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Tangled Tangoists (1914)



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Cast overview:
Charles Wellesley
Jack Brawn
Arthur Cozine ...
The Clerk


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Short | Comedy





Release Date:

24 April 1914 (USA)  »

Company Credits

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Technical Specs

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Aspect Ratio:

1.33 : 1
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User Reviews

Social Success on the Dance Floor, in One Easy Lesson
5 July 2016 | by See all my reviews

I've seen several of the short comedies John Bunny made for Vitagraph during the period of his stardom, and this one may well be the jolliest. It's pleasant story, simple and straightforward, and gives both Bunny and his frequent co-star Flora Finch plenty of opportunities for surefire comic shtick. They have a nice rapport, and seem to be enjoying themselves. I was a little sorry to learn they disliked each other behind the scenes (according to Vitagraph co-founder Albert E. Smith), because they pair so well, especially here. You'd never suspect they "cordially hated one another" in reality. Oh, well. On screen, in any event, they make a good couple.

At the time this short was made, the popular team of Vernon & Irene Castle had launched a ballroom dance craze, so widespread it was much parodied by comedians. (Another example from the period is the short Fox Trot Finesse, starring Mr. & Mrs. Sidney Drew.) The plot of this film, Tangled Tangoists, plays like an extended plug for a dance studio; in fact, if Arthur & Kathryn Murray had been in business in 1914, this would have served as an ideal comic "infomercial."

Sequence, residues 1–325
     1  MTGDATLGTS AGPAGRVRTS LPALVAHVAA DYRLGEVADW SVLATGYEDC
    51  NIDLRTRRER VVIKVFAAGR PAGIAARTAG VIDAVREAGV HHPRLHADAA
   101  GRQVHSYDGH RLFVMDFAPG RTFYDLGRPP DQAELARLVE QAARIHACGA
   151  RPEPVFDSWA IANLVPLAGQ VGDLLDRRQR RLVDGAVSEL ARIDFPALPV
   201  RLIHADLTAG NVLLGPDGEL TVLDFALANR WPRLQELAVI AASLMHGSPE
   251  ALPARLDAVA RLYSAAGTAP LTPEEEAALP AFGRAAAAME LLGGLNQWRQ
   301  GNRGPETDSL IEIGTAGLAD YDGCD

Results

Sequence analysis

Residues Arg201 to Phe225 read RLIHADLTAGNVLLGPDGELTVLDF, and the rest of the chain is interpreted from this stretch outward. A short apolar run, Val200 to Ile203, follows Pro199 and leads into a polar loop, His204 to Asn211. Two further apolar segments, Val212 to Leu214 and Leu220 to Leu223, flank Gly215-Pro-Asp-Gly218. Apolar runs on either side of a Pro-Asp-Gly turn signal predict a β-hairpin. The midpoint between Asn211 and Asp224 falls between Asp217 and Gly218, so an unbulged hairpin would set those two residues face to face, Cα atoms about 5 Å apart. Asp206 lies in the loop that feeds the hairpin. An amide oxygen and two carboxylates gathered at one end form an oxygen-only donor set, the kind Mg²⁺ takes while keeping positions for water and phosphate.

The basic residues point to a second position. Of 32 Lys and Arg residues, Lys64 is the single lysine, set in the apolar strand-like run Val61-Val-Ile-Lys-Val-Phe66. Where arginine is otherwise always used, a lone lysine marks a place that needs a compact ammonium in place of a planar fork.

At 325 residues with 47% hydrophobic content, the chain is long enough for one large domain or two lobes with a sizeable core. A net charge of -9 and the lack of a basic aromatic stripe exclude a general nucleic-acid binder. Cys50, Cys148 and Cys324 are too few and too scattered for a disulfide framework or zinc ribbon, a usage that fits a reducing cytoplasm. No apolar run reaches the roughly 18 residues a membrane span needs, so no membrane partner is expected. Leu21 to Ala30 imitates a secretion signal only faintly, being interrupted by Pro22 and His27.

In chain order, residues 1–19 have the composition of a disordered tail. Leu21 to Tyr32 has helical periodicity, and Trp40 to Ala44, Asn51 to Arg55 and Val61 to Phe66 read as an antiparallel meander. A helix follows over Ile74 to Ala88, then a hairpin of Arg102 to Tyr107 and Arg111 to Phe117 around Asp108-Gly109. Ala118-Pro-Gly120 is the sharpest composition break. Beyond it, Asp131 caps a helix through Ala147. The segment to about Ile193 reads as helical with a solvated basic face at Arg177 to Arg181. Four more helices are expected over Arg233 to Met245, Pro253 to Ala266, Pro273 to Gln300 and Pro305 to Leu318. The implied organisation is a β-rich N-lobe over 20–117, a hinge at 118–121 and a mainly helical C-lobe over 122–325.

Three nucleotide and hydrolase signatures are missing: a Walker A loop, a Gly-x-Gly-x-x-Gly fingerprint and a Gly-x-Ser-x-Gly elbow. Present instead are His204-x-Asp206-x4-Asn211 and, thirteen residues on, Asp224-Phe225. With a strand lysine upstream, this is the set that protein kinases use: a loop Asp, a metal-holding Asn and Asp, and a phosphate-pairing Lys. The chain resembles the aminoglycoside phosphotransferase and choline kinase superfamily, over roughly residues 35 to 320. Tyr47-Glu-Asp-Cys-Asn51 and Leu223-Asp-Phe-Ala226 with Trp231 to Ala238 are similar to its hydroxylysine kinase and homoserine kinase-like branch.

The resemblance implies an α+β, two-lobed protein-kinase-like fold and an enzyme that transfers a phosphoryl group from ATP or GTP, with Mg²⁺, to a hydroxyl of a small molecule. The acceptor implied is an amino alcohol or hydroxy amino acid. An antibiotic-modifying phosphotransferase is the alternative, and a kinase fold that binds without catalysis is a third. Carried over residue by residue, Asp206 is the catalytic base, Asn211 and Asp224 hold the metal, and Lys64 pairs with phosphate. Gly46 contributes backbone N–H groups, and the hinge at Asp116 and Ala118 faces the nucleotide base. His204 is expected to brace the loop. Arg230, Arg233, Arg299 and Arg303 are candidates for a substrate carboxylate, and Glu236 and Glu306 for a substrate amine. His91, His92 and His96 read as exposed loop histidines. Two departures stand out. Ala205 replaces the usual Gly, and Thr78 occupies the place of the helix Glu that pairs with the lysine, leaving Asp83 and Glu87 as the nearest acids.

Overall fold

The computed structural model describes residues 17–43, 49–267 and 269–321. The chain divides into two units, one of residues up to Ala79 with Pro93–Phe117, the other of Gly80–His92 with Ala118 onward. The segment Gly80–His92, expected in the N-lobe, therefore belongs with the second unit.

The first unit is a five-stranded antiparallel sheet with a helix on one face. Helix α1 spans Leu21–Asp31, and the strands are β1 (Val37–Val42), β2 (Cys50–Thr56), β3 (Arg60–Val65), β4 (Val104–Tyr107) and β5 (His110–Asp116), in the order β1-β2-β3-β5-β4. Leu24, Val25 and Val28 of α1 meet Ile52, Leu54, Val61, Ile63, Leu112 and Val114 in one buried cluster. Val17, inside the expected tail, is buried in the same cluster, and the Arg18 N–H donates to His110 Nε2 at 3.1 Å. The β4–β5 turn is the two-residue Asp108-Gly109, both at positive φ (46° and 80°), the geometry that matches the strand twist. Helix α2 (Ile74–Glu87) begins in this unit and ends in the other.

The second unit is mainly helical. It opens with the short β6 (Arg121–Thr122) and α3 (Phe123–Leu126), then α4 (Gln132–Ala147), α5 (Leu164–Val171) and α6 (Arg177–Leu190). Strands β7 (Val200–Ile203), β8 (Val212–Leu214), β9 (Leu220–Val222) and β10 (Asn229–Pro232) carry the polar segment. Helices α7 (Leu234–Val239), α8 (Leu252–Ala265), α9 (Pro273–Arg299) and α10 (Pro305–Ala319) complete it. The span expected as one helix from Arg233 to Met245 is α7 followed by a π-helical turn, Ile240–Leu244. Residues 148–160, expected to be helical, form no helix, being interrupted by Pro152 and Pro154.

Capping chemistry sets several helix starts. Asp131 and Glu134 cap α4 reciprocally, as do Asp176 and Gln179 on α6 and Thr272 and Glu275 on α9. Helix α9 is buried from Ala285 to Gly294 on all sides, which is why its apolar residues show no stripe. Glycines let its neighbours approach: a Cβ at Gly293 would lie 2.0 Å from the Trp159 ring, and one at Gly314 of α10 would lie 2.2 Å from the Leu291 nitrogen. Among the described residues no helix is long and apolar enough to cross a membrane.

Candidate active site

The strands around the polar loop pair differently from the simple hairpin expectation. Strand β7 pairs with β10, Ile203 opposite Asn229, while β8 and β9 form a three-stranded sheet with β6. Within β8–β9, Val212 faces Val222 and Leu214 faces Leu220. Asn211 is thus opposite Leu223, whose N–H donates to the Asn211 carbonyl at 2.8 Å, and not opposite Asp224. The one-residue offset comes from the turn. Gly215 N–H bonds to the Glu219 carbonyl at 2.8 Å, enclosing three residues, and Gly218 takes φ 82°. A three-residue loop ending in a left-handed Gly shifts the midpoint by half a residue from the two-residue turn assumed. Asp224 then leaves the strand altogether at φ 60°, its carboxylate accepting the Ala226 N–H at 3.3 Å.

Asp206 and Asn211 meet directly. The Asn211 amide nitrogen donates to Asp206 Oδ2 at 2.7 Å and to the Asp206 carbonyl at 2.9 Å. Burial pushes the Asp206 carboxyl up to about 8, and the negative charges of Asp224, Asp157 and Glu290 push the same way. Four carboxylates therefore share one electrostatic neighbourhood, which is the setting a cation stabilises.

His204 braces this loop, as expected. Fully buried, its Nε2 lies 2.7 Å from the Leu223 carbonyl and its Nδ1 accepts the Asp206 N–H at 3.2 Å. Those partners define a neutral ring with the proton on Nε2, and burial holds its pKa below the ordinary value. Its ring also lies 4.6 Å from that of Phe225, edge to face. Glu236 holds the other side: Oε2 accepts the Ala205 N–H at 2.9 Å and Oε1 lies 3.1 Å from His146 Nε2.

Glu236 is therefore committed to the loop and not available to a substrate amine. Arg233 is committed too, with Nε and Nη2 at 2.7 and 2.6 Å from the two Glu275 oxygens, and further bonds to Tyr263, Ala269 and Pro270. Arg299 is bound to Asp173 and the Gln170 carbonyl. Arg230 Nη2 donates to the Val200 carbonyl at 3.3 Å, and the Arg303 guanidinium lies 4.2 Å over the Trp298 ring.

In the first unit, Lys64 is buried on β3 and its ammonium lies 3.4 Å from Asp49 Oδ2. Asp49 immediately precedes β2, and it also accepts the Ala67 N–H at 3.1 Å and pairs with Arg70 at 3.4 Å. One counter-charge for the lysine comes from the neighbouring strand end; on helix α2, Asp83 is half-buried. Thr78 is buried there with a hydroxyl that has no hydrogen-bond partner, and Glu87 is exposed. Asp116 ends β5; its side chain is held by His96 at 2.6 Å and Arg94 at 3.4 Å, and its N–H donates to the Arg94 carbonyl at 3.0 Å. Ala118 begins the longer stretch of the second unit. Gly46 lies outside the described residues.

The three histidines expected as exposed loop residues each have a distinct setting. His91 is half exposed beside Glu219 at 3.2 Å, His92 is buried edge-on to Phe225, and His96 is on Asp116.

Our story begins at a fashionable party, where everyone is dancing. Everyone, that is, except Miss Finch, who sits sadly by herself. And yet when a gentleman asks her to dance, she refuses; the problem, we learn, is that she doesn't know how. When Mr. Bunny arrives and is invited to dance, he gestures to his girth and shakes his head "No," indicating he considers himself too heavy. Bunny and Finch sit together, and promptly hit it off, but confess to one another that they cannot dance. The next day, Finch heads to a dance studio and enrolls for a lesson. Needless to say, her clumsiness is played for all it's worth. Meanwhile, Mr. Bunny makes the same decision, and, coincidentally enough, arrives at the very same dance studio. He and Finch take turns spying on one another, and each is much amused at the other's ineptitude on the dance floor. Time passes, however, and the next time there's a soiree, Mr. Bunny and Miss Finch prove to be the hit of the party, dancing together with grace and vigor. And when they decide to get married, the duo and their entourage DANCE into the courtroom!

This is a charming comedy, one that builds to a genuinely funny, unexpected punchline at the wedding sequence finale. I'd say the only shortcoming—and it's a minor one—is that the brief scene which follows the wedding comes as something of an anticlimax. But even so, this is a delightful short, one that makes it clear even now, more than a hundred years after it was made, why John Bunny and Flora Finch were such a popular team.

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